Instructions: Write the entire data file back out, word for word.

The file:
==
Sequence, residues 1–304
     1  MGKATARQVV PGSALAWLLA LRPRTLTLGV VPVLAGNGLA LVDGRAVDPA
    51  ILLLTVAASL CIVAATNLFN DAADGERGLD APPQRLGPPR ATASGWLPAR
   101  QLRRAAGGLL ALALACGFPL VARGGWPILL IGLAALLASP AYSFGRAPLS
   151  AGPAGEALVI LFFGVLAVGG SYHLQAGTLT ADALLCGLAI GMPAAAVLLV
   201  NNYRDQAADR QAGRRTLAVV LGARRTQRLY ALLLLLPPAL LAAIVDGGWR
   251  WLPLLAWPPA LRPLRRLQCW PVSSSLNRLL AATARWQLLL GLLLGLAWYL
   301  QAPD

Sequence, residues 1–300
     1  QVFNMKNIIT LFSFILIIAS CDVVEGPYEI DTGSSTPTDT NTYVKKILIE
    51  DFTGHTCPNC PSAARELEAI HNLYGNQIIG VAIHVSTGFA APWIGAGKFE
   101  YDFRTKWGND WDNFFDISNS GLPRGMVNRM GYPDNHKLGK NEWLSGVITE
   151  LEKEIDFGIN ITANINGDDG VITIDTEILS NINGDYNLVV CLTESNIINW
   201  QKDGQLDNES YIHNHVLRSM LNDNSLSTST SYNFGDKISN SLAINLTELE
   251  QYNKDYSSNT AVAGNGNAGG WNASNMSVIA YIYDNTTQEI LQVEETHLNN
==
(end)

Sequence, residues 1–304
     1  MGKATARQVV PGSALAWLLA LRPRTLTLGV VPVLAGNGLA LVDGRAVDPA
    51  ILLLTVAASL CIVAATNLFN DAADGERGLD APPQRLGPPR ATASGWLPAR
   101  QLRRAAGGLL ALALACGFPL VARGGWPILL IGLAALLASP AYSFGRAPLS
   151  AGPAGEALVI LFFGVLAVGG SYHLQAGTLT ADALLCGLAI GMPAAAVLLV
   201  NNYRDQAADR QAGRRTLAVV LGARRTQRLY ALLLLLPPAL LAAIVDGGWR
   251  WLPLLAWPPA LRPLRRLQCW PVSSSLNRLL AATARWQLLL GLLLGLAWYL
   301  QAPD

Sequence, residues 1–300
     1  QVFNMKNIIT LFSFILIIAS CDVVEGPYEI DTGSSTPTDT NTYVKKILIE
    51  DFTGHTCPNC PSAARELEAI HNLYGNQIIG VAIHVSTGFA APWIGAGKFE
   101  YDFRTKWGND WDNFFDISNS GLPRGMVNRM GYPDNHKLGK NEWLSGVITE
   151  LEKEIDFGIN ITANINGDDG VITIDTEILS NINGDYNLVV CLTESNIINW
   201  QKDGQLDNES YIHNHVLRSM LNDNSLSTST SYNFGDKISN SLAINLTELE
   251  QYNKDYSSNT AVAGNGNAGG WNASNMSVIA YIYDNTTQEI LQVEETHLNN